Sunday, October 16, 2016

ER Month and Internalizing, some knitting

This is a long post about the challenges of ER month. Knitting content is near the bottom! ~Z

October is ER rotation month, and brings with it many challenges. I am by nature not the most quick-thinking of people, and coupled with ten hour shifts with no guaranteed mealtimes makes for some interesting experiences. There have been many a day when I've looked up at the clock and realized I hadn't eaten anything in 10-12 hours except a few chocolate almonds and a handful of pumpkin seeds. Makes for a great weight loss plan, but I shudder at what I might have missed in patient care, except that my attendings are sharp and thoughtful and eagle-eyed when it comes to making sure I don't miss anything.

That being said, the second challenge of ER month is the guilt, doubt, and internalizing. ER is such a fast paced place that we are always juggling several patients, hurriedly writing down all the details as soon as possible because no one knows when the next emergent case of septic shock, stroke, or cardiac arrest might come through the door. Patients often feel like it is taking a long time for providers to see them, but that is because there are so few providers for so many patients, and the less urgent cases sometimes get pushed aside to deal with real emergencies. I feel guilty sometimes that my patients are left to wait in a thin gown while I try to write orders and document history and check on lab results for another patient at the same time before I get a chance to go check up on them. I feel guilty sometimes that I don't know as much as I should, and that I take much longer than any of the other residents (okay, so they are 3rd year residents, and I'm a first year, but still, I am the weakest link this month.), and that sometimes I forget to put in orders until after I've seen the next patient. I feel guilty that I'm not doing as much for my patients as I could, such as the lady this morning I did OMT on, but only had time to decrease her pain from 8/10 to 3/10, whereas if I was more efficient I could have decreased her pain to 0/10 and let her go on her vacation completely pain free. I have doubts about whether or not I am doing the right thing, whether or not I am harming my patients with my inept attempts to be a physician. And then there is the internalizing. I saw a patient today who was a low to mid level health care provider, and had a substance abuse problem and a mood disorder. She walked into our community hospital ER, and wanted to get some help to become sober. I was so surprised and happy that she found the strength to seek help, except for the fact that our ER did not have the resources to provide inpatient detox counseling. We called the social worker, got her the phone numbers and resources that we could, but I highly doubt that she will actually follow up. I counseled her the best that I could, but there was very little that I could do in terms of medications and or physical care. And at the end of the shift, I could still remember the defeated and doubtful look on her face as she walked out of the ED with her designated driver. I felt so bad for her life situation, as it would be too easy to imagine myself in her circumstance, life in wreck and ruins, embarrassed to seek help and fearing discovery and recognition by coworkers and other providers. Internalizing patient problems is something that I've learned to manage for the most part, leaving everything at the office or hospital, but sometimes fear and doubt still creep into my private home life, as I lie awake thinking if there was something else I should have done, that I could have done, to help that patient seek help, or find her inpatient care. I know it is silly and there is nothing else that I can do right now, but some days, it is difficult to let go.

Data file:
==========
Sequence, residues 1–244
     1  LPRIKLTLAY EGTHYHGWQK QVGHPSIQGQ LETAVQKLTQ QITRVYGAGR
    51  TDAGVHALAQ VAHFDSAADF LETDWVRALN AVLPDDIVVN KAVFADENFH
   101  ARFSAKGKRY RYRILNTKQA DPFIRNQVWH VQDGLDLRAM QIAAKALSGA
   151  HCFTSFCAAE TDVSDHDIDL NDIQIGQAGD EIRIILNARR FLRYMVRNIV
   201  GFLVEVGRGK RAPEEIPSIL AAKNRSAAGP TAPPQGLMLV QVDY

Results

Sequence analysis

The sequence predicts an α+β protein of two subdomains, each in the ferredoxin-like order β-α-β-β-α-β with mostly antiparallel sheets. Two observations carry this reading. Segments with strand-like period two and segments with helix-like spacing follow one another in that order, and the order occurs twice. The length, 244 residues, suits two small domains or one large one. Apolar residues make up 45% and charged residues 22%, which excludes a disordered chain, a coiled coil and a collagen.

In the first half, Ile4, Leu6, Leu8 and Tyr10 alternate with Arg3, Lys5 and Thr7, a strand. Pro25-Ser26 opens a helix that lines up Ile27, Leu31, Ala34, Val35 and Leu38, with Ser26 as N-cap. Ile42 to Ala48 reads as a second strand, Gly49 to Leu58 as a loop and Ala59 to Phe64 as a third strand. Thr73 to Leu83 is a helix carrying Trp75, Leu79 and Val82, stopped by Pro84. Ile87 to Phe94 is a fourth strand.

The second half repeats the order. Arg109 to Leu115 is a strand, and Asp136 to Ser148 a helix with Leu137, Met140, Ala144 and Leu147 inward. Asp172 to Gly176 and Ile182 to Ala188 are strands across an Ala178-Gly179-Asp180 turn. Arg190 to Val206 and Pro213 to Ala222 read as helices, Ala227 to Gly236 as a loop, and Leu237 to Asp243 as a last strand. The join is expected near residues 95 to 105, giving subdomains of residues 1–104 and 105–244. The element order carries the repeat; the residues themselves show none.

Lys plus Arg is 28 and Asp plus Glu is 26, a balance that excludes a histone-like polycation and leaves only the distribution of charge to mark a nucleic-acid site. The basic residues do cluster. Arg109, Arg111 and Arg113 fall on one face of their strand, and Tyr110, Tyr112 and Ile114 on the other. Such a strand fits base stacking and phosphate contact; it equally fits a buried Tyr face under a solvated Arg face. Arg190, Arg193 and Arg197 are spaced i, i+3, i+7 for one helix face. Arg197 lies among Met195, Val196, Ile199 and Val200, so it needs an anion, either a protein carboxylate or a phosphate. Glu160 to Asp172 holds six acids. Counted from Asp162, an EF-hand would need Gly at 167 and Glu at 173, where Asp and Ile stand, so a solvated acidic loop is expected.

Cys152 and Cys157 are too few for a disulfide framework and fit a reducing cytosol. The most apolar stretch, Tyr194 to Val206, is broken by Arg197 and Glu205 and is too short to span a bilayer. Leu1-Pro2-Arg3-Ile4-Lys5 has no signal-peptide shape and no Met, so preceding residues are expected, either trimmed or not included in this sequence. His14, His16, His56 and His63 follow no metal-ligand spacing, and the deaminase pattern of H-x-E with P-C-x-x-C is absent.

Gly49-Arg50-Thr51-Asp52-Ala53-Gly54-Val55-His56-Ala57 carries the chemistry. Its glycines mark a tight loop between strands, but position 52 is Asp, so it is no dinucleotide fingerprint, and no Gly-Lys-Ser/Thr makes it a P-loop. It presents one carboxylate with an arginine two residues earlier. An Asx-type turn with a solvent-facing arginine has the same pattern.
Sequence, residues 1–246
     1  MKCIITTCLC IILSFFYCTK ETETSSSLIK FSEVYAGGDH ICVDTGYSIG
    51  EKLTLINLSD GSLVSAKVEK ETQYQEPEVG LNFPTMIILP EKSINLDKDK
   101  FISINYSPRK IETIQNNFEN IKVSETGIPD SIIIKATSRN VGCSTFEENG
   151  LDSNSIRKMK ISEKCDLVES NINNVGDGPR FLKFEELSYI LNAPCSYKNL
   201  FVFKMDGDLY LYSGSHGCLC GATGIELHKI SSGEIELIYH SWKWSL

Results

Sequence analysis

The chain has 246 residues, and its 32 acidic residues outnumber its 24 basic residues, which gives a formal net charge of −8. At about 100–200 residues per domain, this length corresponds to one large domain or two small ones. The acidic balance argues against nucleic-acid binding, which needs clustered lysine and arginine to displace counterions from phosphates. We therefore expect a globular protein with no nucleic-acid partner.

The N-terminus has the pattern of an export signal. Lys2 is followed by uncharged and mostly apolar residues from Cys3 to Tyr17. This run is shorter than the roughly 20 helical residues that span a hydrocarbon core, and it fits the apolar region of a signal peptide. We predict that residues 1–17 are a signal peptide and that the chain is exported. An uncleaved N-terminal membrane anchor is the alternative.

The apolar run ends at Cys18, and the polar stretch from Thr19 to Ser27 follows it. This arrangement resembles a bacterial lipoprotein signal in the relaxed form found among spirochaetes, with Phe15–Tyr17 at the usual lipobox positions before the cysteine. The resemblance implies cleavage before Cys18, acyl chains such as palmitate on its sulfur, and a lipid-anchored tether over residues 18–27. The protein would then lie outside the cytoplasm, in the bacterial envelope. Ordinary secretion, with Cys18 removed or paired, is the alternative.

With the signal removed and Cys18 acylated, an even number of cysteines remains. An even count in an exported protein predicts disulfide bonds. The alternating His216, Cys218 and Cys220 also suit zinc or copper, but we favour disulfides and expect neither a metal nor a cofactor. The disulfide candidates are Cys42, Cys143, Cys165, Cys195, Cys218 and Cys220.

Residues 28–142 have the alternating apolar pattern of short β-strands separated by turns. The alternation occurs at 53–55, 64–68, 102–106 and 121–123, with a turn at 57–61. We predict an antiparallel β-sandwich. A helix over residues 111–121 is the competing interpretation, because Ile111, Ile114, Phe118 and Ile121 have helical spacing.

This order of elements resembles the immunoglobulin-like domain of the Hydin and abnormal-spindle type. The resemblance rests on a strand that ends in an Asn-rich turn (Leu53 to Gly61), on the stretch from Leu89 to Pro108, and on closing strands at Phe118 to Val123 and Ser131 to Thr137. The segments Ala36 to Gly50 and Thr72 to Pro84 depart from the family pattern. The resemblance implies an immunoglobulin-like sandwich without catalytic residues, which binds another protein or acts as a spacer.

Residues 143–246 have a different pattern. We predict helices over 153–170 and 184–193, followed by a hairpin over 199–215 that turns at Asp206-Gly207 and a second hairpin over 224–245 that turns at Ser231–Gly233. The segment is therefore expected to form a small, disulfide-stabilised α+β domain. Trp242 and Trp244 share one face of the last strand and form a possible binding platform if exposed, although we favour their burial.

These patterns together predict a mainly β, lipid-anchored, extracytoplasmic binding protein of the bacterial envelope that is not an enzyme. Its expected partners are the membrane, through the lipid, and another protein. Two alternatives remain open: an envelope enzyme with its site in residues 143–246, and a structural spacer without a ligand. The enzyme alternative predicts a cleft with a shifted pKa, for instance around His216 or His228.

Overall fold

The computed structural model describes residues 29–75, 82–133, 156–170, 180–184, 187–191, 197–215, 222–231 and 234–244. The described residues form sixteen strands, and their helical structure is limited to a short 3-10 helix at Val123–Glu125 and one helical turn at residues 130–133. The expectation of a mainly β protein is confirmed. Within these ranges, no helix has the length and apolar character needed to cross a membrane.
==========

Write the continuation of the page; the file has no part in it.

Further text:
The third challenge is the fear of patient repercussion. I am lucky that I am just starting out, and that my attending physicians are there to help and guide me. However, it is still so nerve-wracking to make all of the small decisions that lead to a final diagnosis: do these lungs actually sound crackly? Does the patient's heart rate mean that they are nervous, in pain, infectious, or have a heart condition that requires further evaluation? Should I order lab tests on this patient who has been here for the same problem ten times in the last 3 months, and all of the lab tests have been negative? What if this patient, whom I send home because I tell him there is nothing wrong, goes home and gets worse, and now the patient and his family want to sue me? What if the patient who I ordered labs on had something come back and I missed it? I try my best to make sure I see everything, but it is sometimes hard to be able to get everything done and do it fast. I think I am happy to stick to Family Medicine in this case. ER will help train me to think fast and act fast and know what is an emergency, and I will be able to go back to figuring out the whole story on Family Medicine.

The fourth challenge is the schedule. I have worked 70 some hours in the past 7 days. There are a few days in which I am barely home long enough to sleep and eat before returning to the hospital for my next shift. There are some days I don't know how I would function without constant coffee to keep me alert. It doesn't help that we are shorthanded this month, due to a fellow resident's family emergency. While I wish all the best to the resident, it also makes for some interesting times when there are 2 attendings and me. I do a lot of running. (Who says I don't exercise, Ma? I exercise all day long.)